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Cardiovascular and Endocrine Responses to 90° Tilt During a 35-Day Saturation Dive to 46 and 37 ATA

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Claybaugh JR, Lin Y-C, Schafstall HG, Bennett PB. Cardiovascular and endocrine responses to 90° tilt during a 35-day saturation dive to 46 and 37 ATA. Aviat Space Environ Med 2007; 78:1042–9.

Introduction: Hyperbaria-induced diuresis is accompanied by decreased basal and stimulated release of arginine vasopressin (AVP) and decreased blood volume possibly contributing to the reported orthostatic intolerance. Since hyperosmolality is not a consistent finding, the explanation of blood volume reduction at hyperbaria must involve an osmotic component to the diuresis. Investigations of a possible involvement of atrial natriuretic peptide (ANP) to the hyperbaric diuresis have revealed mixed results. Methods: Urinary excretion of electrolytes, AVP, and aldosterone were measured in four male subjects studied at 1 atmosphere absolute (ATA) and at 46 and 37 ATA (0.5 atmospheres pressure O2: 5% N2: remainder He) during a 35-d saturation dive. Also, the supine and 90° tilt-stimulated plasma levels of AVP, plasma renin activity (PRA), and aldosterone, and the suppressed responses of ANP and the cardiovascular responses to tilt were determined at these pressures. Results: Tilt-stimulated levels of PRA were increased two- to threefold and the AVP response was eliminated throughout hyperbaria, except in two episodes of tilt-induced syncope where AVP was elevated 10- to 20-fold. This pattern supports most previous reports. Contrary to some reports, both supine and tilt-suppressed levels of ANP were reduced by about 50% at all three tilt experiments conducted at hyperbaria compared to predive control values. Discussion: These results suggest an altered ANP response at pressures of 37 ATA or greater, which is consistent with an appropriate ANP response to blood volume reduction and further suggest that the hyperbaric diuresis is not dependent on increased ANP.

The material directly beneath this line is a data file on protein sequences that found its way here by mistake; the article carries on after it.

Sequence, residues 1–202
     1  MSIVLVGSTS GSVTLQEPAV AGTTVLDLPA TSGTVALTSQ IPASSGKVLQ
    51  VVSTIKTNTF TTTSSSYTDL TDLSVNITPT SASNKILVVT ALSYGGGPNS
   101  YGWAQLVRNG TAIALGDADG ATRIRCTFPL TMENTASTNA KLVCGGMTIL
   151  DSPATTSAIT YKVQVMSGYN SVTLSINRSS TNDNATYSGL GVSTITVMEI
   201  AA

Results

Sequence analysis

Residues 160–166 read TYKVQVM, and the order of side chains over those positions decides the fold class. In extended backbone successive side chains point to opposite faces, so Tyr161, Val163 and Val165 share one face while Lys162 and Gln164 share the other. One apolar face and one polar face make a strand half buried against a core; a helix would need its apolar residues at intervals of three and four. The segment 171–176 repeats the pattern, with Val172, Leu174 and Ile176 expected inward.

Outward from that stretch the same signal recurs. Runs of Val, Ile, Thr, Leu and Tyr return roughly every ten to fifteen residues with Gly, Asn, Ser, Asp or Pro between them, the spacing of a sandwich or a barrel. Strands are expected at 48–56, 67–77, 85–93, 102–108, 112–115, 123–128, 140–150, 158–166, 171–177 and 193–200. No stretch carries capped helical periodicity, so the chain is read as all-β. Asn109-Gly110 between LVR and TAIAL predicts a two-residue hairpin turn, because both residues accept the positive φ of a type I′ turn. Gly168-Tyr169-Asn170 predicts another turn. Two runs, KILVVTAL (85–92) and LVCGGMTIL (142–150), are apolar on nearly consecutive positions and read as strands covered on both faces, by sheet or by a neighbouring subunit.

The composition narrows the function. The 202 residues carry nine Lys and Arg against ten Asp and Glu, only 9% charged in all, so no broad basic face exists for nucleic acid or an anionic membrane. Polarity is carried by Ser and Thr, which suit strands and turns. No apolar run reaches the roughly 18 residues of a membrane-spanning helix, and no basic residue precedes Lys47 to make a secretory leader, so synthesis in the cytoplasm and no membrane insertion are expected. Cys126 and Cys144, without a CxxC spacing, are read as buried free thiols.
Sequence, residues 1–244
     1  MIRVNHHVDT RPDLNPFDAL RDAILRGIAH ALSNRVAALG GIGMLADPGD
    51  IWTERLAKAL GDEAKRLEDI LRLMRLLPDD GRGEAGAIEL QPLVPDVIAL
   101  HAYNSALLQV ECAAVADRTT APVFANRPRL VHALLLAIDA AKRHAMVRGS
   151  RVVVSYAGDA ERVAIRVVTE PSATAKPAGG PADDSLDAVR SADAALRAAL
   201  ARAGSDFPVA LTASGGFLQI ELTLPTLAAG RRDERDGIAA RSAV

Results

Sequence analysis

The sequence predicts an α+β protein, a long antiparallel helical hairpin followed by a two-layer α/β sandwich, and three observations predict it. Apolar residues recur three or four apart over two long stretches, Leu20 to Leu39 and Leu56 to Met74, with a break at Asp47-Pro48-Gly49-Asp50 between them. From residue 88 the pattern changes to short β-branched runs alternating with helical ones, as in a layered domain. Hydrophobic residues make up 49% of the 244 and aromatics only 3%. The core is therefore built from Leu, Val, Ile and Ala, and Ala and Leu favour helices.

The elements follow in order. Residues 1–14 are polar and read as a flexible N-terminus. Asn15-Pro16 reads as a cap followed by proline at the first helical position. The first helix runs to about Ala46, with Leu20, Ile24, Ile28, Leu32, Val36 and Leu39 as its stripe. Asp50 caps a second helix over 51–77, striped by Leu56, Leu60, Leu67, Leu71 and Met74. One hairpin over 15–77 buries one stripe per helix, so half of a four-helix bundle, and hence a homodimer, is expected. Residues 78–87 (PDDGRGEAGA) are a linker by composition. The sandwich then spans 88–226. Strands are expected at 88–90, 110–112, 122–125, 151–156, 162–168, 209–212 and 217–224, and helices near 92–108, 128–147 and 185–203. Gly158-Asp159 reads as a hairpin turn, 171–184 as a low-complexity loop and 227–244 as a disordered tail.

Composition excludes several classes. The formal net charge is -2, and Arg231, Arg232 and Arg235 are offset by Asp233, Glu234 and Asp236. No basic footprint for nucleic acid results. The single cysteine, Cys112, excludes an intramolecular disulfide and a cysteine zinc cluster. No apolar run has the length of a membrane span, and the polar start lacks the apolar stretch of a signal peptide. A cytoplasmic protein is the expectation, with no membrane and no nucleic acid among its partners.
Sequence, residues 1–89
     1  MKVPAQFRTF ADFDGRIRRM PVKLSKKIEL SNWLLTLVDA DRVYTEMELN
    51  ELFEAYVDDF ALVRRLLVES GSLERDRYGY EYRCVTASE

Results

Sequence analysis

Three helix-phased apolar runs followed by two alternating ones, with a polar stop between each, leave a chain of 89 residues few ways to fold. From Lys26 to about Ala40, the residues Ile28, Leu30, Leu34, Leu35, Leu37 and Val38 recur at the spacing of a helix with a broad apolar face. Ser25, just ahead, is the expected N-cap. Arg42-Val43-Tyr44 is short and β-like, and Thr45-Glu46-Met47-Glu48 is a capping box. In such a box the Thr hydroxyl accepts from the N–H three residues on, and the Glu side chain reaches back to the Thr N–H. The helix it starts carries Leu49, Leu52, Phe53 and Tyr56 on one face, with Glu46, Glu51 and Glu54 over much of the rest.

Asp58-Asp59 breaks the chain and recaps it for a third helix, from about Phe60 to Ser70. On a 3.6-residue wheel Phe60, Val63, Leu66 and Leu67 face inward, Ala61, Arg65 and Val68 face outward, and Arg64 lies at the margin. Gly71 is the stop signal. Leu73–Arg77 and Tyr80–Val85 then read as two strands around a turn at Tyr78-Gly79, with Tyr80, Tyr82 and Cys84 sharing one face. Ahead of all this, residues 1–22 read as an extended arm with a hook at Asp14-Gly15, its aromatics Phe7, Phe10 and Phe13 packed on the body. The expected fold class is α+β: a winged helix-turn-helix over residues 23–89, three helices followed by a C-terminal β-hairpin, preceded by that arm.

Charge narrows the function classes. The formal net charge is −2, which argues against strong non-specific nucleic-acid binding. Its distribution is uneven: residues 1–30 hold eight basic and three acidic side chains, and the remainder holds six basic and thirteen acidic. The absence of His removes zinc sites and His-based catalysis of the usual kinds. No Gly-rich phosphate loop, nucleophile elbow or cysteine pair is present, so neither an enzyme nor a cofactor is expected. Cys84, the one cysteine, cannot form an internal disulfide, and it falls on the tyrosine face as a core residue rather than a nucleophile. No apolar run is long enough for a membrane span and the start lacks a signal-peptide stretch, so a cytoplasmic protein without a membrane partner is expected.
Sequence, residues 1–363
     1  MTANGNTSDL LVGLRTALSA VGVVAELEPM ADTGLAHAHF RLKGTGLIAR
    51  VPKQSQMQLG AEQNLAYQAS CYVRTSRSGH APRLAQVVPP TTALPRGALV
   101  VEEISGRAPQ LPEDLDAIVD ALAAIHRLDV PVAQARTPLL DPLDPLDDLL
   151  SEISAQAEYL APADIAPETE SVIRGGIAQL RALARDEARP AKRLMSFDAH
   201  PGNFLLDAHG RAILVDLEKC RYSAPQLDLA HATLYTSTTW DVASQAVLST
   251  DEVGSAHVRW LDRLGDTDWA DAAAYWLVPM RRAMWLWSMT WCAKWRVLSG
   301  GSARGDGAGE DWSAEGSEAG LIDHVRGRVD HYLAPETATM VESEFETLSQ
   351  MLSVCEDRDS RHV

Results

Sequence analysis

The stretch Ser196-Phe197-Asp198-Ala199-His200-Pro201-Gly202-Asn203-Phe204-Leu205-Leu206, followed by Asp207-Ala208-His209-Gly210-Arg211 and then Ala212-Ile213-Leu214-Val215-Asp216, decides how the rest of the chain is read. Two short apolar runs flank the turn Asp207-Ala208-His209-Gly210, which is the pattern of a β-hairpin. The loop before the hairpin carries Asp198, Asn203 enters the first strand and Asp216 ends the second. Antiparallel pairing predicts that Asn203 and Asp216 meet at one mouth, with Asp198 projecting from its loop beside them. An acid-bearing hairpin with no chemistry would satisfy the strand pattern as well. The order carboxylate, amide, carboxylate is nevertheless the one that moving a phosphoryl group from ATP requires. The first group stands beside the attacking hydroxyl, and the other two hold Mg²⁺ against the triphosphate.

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Keywords: aldosterone; atrial natriuretic peptide; hyperbaric diuresis; orthostatic hypotension; plasma renin activity; vasopressin

Document Type: Research Article

Publication date: November 1, 2007

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